Chapter 1 – Windfall

Manna gum woodland, Silver Creek

She is mine. Or at least, six metres of her. Diameter one-and-a-half metres. Weight approximately seven tonnes. Delivered today on Ken Mathers’ flatbed truck. The result of a year’s worth of favours called in and more than a few strings pulled at Parks Victoria.

For years she lay alongside the boggy woodland trail, awash in a feathery green sea of bracken. Skipper and I walked by her many a time: I would cast an appraising eye and think ‘If only …’ and ‘What if … ?’; Skipper would poke an appraising nose and cock his leg.

She came down in a wild storm 12 years ago. She’s in pretty good shape considering. Just enough rot and borer attack to give her timber extra character.

Why must you anthropomorphise inanimate objects as ‘she’, Dad?

It’s a matter of emotional attachment, I guess, Freya. The people I love most are female. Anyway a tree is not inanimate.

The manna gum gets its name from the sugary secretion which oozes from wounds in the trunk and hardens. This ‘manna’ is an important food source for many small woodland creatures. The foliage of the manna gum, conversely, is toxic to most animals – except the koalas that doze high in the canopy, zonked out on narcotic leaves. Dreaming furry koala dreams.

The tree is also called ‘ribbon gum’, as the bark peels off in long ribbons during summer, leaving the upper trunk and branches a smooth white. By reflecting sunlight this cools the canopy, reducing water stress in dry periods. Another purpose may be to pull wildfire up into the crown: these trees need a rapid, explosive but swiftly passing bushfire to open their seed cases and release their seed into the fertile ash of the burnt forest floor. The smouldering ribbons carry for kilometres downwind as firebrands. Setting more fires.

The manna gums along our morning walk stand straight and tall. We wander in a Gothic cathedral of stately pillars with a filigree vault of dappled green, backlit by an azure sky. These are young trees that were seeded into dense woodland.

This fallen giant, by contrast, grew slowly. She twisted herself out of the earth, spreading luxuriantly into the sky. It must have been more open country back then, tended by Yorta Yorta custodians according to their needs and customs. Thus the young tree had no need to shoot straight up, in order to seize a patch of sunlight in a crowded sky.

Manna gum is a medium-dense hardwood, easy to work with power or hand tools. However seasoning is difficult. Which is why this naturally seasoned, wind-felled specimen …

Dad, the readers won’t care about the technical details. Can we get on with the story, please?

Well, I maintain that this is relevant. Besides, who is telling the story? Are you going to keep on interrupting, Freya?

I pace around the section of trunk in my workshop. View her from different angles. Pat her and run my hand along her. Sit with her and listen to her, my cheek pressed to her skin.

Skipper wags his tail and cocks an ear in slight concern. Kelpies are not good at contemplation: they prefer frenetic action and a full to-do list.

I hear the wind in her leaves, the lonely call of the currawong and the whistle and crack of the whipbird. The steady munch of borer grubs in her sapwood and the scratch of koala claws. The patter of Yorta Yorta children’s feet as they play around her base.

The echo of the woodman’s axe is followed by the groan and crash as her siblings are felled. Curses and songs in English, German, Irish and Cantonese as diggers scour and sift the creek for the yellow metal.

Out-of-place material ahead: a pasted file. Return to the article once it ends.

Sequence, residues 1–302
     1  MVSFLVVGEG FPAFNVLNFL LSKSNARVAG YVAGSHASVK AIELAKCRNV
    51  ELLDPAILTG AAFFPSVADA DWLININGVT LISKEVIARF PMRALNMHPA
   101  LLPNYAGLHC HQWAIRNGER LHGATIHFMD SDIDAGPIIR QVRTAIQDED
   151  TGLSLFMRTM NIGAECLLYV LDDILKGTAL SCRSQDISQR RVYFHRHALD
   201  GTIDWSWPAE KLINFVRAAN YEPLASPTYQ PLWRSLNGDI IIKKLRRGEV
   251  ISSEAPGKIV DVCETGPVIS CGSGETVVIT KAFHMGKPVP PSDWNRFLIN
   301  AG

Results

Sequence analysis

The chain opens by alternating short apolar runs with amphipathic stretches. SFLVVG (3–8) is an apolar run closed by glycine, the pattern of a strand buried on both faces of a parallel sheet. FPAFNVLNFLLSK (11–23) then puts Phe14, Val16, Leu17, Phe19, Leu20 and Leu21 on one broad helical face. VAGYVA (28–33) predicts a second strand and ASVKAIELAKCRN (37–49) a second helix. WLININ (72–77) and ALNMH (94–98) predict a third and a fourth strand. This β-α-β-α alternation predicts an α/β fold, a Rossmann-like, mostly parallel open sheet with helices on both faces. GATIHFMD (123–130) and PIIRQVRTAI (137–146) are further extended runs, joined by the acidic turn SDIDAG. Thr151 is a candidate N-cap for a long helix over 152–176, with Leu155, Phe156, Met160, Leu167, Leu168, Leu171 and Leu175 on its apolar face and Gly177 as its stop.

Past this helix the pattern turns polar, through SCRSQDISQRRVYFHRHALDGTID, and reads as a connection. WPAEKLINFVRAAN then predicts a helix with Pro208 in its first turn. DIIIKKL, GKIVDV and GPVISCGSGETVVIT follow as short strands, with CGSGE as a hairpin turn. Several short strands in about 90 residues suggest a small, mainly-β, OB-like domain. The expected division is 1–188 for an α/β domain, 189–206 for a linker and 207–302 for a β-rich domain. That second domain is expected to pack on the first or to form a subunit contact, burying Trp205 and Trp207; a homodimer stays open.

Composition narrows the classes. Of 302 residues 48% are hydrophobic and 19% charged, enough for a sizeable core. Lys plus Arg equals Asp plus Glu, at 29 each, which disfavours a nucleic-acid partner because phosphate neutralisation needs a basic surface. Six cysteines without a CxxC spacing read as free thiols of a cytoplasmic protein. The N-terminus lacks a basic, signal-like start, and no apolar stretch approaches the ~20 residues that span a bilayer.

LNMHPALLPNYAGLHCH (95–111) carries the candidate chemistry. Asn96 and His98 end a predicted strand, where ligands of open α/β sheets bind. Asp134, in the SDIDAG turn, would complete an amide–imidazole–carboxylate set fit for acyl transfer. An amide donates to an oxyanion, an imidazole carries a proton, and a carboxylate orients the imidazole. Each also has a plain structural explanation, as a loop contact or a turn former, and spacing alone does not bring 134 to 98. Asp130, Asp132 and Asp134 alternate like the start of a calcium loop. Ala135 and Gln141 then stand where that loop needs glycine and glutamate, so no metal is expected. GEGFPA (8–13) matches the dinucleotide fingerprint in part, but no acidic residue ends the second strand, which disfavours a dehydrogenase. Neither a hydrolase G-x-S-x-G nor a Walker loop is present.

I haven’t yet decided what she will become, but she has sown a seed in my mind.

Chapter 2 – inspiration’s gift


I wake at three thirty. It’s inky black outside. A warm night for November. Fevered, I scribble down the gift of my unconscious mind, commit it to paper before it fades. I cover sheet after sheet with charcoal and pencil sketches.

Then, as day breaks, I move into the third dimension, building maquettes in modelling clay. To get the subtractive effect of carving, I fashion mini tree trunks that approximate the unworked timber, then cut into them with a scalpel, scoop them with a wire loop, press indentations with a ball stylus.

Skipper has to wait for his breakfast and morning walk. He is unimpressed.

I think I already mentioned that most manna gum trunks are straight. Not this one. You can see how the tree twisted itself out of the earth, screwing upwards into the sky. I’ll keep that rotational character in the piece.

I want to retain as much of the sapwood as possible: the burrowing of beetles under the bark, the lyctid borer holes. This will give the shroud of hair its texture.

Hair? A human form, then.

That’s right, Freya. Sorry, didn’t I mention that?

No, you got carried away, Dad. A standing figure, presumably?

Not as static as that. Leaning, pushing forward. Almost flying.

Sounds like a galleon’s figurehead.

No, Freya. At least, not the like of any that has yet been seen. Not one of those stiff things with jutting bosom and bland, rosy-cheeked face. More dynamic, asymmetrical.

At the front, I’ll go deep. From the eagerly leaning, swirling form emerges a face serene and terrible. Highly finished, realistic, whereas the back is impressionistic, rough-hewn, almost crude.

Descending to a shapely breast and softly rounded belly and loins. These will be carved into the heartwood. With any luck there will be striking grey streaks, shot through the pale wood.

Sigh. Just what the Western artistic tradition needs: another naked female body bared to the male gaze. Nice one, Dad. A she-devil, because women can only be maiden or monster, am I right?

Freya, you really are an insufferable brat. This will be a strong female figure. Not mawkish or titillating. Neither virgin nor whore.

Just don’t give her my face, right? I’m traumatised enough by being named after a Norse fertility goddess.

Perish the thought. And Freya is a beautiful name.